The Food and Drug Administration(FDA) approved a biologic drug called ustekinumab (Stelara) in 2009 to help adults with moderate to severe plaque psoriasis. Compared to other weekly treatments currently on the market, this new medication requires just four to five injections a year.

The FDA estimates 6 million Americans suffer from plaque psoriasis, an immune system disorder that causes a chronic, painful skin condition. In psoriasis, the body rapidly overproduces skin cells, resulting in thickened patches of red and inflamed skin, often covered with silvery scales. 

Because ustekinumab, a monoclonal antibody that blocks two inflammatory proteins, works in a slightly different way than other drugs currently approved to treat psoriasis, it may help those who have not seen relief from other treatments.

The medication is delivered by injection, and the FDA says a health-care provider must administer it. Patients get one starter shot, another shot four weeks later and then one shot every 12 weeks after that. Other drugs used to treat psoriasis, including etanercept (Enbrel) and adalimumab (Humira) are generally injected every one to two weeks.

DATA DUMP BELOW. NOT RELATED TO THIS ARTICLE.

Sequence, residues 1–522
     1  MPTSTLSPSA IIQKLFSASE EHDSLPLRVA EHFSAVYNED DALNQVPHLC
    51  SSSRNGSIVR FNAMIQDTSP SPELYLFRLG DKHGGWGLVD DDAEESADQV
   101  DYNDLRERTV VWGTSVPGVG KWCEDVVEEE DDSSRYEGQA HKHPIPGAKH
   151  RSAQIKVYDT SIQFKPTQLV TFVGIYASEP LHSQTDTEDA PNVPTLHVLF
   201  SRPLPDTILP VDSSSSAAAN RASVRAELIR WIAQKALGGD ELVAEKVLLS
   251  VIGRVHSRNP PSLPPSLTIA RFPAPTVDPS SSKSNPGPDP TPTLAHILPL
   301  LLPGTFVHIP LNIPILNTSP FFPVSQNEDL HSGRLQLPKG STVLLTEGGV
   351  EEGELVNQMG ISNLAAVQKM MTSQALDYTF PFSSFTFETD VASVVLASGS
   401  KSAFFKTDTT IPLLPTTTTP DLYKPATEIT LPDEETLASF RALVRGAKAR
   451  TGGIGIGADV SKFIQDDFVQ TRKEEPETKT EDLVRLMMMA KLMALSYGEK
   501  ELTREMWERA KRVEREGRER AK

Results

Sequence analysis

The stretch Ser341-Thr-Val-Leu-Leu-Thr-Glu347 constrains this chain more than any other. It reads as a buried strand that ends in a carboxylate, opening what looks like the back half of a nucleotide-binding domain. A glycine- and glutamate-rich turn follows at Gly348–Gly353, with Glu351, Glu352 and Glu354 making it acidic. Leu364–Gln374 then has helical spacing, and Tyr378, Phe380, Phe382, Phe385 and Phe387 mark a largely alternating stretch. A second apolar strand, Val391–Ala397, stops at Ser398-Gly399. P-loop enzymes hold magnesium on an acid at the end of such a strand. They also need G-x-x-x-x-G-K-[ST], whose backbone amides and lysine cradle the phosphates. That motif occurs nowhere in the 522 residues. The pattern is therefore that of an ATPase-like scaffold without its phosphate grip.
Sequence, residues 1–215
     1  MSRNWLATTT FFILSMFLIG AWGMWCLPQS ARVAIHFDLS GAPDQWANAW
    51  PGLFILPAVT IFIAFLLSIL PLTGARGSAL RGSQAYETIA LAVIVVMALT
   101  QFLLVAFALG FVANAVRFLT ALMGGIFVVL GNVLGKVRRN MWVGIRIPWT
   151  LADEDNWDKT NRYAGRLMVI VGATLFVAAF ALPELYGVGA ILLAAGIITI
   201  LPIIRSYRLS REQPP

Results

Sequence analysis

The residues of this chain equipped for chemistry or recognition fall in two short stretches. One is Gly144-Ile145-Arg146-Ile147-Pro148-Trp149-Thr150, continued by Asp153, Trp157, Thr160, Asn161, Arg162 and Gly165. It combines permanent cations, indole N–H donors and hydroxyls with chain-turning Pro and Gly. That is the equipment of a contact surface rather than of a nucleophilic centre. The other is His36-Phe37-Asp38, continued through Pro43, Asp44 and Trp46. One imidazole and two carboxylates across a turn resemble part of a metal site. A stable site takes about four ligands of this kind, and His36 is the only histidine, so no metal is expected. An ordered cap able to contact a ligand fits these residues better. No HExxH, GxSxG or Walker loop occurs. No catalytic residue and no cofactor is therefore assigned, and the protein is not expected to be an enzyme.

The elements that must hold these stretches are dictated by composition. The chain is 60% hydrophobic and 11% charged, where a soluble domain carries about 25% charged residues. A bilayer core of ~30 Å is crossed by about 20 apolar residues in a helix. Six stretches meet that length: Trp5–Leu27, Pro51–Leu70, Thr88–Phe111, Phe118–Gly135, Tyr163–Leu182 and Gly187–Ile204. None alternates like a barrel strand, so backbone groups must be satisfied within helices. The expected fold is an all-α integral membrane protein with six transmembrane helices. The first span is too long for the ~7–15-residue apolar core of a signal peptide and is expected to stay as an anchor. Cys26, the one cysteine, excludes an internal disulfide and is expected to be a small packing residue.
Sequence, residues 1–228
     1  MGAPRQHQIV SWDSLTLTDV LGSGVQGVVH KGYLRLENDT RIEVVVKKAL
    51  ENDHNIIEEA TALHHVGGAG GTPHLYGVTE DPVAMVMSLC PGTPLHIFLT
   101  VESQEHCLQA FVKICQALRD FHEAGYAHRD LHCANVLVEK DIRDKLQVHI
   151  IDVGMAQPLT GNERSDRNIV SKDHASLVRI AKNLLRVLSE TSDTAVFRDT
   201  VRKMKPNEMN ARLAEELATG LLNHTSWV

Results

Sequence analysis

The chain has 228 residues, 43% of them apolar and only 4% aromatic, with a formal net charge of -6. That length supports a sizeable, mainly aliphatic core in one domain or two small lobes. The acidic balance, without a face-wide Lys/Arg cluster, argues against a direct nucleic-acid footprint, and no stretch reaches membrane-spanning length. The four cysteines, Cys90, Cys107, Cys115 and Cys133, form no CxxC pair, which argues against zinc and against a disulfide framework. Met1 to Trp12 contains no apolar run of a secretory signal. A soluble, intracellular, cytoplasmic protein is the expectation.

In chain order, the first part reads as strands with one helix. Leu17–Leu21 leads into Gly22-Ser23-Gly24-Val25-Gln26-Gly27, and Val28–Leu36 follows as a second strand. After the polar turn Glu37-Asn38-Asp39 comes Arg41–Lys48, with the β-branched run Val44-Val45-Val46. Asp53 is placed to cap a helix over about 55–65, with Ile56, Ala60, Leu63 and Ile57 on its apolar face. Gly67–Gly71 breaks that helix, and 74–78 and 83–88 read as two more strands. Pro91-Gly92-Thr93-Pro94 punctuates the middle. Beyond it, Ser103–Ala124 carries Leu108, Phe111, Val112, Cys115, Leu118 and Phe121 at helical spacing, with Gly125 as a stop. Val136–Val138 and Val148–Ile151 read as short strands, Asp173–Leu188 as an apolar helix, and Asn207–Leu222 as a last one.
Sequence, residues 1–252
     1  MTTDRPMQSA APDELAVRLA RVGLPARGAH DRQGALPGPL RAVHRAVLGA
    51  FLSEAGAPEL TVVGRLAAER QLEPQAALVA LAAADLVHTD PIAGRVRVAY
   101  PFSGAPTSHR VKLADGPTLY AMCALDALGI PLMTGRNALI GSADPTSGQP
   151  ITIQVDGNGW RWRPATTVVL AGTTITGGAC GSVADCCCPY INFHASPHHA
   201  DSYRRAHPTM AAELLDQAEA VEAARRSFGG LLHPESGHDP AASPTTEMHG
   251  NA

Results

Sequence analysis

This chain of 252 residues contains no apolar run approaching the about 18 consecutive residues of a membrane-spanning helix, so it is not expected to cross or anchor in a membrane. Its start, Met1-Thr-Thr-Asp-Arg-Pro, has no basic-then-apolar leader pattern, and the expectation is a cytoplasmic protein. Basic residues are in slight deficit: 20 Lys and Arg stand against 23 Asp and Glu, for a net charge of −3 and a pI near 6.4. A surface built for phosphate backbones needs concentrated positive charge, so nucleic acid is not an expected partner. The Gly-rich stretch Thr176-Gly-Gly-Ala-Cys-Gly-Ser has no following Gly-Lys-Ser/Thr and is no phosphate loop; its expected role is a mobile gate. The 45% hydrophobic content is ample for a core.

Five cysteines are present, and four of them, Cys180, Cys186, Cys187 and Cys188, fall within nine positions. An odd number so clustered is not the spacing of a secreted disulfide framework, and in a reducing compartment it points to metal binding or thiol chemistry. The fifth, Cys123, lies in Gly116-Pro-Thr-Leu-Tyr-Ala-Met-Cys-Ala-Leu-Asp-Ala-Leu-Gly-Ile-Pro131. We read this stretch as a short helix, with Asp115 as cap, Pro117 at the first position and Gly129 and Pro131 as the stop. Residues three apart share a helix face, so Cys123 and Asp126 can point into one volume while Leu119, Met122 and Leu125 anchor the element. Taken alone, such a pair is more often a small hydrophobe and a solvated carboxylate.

FDA approval follows three studies of 2,266 patients. The drug’s manufacturer says that after just two doses, 70 percent of patients taking the drug saw a 75 percent clearance of skin that was maintained for a year with continued treatment.

But the FDA also cautions the medication reduces the immune system’s ability to fight infection, which caused some patients to be hospitalized for tuberculosis and infections caused by bacteria, fungi or viruses. Lower immunity could also increase the risk for certain types of cancer. Other side effects included upper respiratory infections, headache and fatigue.

The drug is also approved in the European Union, U.K. and Canada, and the company says the price is comparable to other biologic agents approved for the treatment of moderate to severe plaque psoriasis.

A spokesman for Johnson & Johnson, the company that makes the drug, says ustekinumab is also being studied for the treatment of psoriatic arthritis, Crohn’s disease and sarcoidosis. 

Psoriatic arthritis is a condition where people have both psoriasis and arthritis. The Arthritis Foundation estimates that psoriatic arthritis affects between 5 and 8 percent of people who have psoriasis.